If you’ve got any non-mortgage debt – even if you think it’s balanced by assets – pay it off as soon as you can. In every way it’s worth it.

Using debt to buy a property is the only exception. A mortgage is cheap debt, and it enables you to live in your own home today rather than saving half your life to buy one, chasing rising house prices along the way.

Nowadays even I have a big interest-only mortgage, and I truly hate debt.

But do you want to know a secret?

I love my home and overall I’m happier for finally owning my own place.

But I believe I was a better investor when I didn’t have a mortgage hanging over me.

The bottom line on debt

For most Monevator readers, I’m preaching to the choir.

But too many average people have too much debt – and it’s in tough times like recessions that they discover why they shouldn’t.

It can be hard to get out of debt. You’ll have to go without.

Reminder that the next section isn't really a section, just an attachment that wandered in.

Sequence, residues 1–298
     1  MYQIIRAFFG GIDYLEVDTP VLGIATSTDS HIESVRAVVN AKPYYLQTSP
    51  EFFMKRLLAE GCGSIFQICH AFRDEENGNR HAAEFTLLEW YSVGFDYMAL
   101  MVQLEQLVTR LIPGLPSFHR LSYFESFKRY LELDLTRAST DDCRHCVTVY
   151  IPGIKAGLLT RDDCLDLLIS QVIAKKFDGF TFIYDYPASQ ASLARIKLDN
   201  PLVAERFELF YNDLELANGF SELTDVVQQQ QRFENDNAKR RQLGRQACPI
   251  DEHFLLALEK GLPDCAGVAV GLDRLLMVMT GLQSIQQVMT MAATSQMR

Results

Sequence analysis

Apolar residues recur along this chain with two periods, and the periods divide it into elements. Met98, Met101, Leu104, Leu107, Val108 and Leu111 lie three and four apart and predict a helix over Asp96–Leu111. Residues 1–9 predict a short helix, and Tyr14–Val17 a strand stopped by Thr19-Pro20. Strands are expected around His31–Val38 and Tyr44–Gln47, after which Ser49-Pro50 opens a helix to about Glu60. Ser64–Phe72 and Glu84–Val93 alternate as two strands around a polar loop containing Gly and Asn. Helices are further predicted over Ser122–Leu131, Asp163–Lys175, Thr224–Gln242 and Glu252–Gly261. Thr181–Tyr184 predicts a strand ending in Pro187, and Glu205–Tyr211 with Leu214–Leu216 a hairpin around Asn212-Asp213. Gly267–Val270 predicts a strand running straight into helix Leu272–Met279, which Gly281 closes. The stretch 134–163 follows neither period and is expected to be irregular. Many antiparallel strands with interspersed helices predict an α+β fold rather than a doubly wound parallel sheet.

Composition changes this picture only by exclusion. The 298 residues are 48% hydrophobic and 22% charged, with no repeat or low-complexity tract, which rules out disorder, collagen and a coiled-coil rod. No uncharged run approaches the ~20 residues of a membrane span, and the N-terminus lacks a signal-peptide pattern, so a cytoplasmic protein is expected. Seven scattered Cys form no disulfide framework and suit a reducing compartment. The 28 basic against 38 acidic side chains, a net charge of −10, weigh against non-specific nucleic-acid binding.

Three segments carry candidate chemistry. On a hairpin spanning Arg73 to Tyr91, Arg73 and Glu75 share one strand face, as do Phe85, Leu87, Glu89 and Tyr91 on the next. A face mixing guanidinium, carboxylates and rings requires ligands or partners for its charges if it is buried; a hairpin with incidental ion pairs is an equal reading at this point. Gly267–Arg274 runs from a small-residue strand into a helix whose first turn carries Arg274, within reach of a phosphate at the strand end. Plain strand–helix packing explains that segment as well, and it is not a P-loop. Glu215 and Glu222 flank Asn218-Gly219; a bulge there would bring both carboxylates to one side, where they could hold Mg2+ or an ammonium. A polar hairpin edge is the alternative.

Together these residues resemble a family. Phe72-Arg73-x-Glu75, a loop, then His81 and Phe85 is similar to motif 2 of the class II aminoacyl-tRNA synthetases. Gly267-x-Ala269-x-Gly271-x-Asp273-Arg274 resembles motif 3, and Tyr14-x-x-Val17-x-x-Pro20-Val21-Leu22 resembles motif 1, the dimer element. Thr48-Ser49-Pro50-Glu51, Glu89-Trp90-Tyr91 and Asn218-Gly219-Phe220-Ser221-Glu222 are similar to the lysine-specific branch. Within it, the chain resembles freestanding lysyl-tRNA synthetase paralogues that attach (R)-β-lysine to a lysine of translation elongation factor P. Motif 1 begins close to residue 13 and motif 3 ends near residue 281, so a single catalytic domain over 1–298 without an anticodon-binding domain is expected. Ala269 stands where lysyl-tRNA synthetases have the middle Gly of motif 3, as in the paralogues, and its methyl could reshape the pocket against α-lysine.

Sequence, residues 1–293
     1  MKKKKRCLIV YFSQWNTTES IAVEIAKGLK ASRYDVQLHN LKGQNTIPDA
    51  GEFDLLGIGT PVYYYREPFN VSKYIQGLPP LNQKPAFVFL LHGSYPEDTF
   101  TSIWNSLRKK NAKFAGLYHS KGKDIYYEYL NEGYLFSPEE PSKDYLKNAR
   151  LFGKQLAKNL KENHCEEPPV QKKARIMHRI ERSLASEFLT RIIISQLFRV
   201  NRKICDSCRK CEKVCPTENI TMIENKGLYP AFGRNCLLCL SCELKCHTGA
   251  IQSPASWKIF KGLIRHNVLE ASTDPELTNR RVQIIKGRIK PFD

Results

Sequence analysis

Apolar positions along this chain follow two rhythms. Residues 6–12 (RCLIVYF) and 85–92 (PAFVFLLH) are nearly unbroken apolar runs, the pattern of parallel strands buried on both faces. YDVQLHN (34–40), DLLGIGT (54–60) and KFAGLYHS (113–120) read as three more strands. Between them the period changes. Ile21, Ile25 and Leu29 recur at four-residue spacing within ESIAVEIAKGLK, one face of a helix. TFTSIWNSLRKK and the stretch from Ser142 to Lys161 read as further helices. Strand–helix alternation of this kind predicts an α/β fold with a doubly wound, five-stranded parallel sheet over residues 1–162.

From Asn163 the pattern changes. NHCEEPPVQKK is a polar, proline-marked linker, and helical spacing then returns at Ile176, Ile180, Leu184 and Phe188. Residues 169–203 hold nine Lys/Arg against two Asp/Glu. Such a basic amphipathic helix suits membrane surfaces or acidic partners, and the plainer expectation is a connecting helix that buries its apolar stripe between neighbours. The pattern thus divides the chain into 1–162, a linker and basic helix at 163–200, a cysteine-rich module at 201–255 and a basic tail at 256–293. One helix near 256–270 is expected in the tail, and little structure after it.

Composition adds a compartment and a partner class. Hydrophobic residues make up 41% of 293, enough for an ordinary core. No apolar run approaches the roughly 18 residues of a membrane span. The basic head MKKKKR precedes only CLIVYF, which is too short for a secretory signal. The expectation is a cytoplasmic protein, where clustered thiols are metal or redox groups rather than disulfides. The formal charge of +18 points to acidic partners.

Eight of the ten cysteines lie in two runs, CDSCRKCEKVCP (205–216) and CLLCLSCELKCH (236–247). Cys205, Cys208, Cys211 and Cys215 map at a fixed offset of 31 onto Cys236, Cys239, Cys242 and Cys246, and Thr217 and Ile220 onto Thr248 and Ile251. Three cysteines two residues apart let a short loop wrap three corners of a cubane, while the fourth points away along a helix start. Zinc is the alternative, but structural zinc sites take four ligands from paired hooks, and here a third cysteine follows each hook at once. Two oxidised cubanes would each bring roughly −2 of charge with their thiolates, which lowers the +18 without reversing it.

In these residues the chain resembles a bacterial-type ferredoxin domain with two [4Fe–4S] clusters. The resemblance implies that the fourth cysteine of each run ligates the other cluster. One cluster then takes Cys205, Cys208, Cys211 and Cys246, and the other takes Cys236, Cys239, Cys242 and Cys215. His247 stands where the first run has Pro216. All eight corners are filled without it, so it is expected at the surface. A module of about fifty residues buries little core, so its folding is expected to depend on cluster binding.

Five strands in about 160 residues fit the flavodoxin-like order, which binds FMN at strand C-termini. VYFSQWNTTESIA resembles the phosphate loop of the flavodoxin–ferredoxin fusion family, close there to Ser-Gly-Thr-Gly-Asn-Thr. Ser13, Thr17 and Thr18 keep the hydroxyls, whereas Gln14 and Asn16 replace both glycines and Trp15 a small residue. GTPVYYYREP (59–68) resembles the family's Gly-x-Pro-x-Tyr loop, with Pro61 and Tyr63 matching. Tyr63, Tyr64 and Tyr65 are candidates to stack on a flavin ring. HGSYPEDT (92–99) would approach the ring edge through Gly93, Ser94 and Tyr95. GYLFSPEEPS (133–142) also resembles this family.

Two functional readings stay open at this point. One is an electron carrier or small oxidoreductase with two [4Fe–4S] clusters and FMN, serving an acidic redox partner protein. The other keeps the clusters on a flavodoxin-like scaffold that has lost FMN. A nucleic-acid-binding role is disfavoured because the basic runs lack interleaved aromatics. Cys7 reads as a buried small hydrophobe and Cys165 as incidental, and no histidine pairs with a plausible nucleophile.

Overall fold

But all that really matters in life is health, friends, family, love, and useful work or another purpose you enjoy.

Well, and beauty and truth, as the poet said.

(And personally I’d add Mexican food.)

Last I looked, getting into debt to buy an iPad when you can’t afford it just to have one before your friends wasn’t on a single philosopher’s list.

Series NavigationThe only good debt is dead debt
  1. Open an account via that link and we can both get a free share worth between £3 and £200. You’re growing your net worth already! []

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{ 53 comments… add one }
  • 47 Vanguardfan May 16, 2020, 10:32 am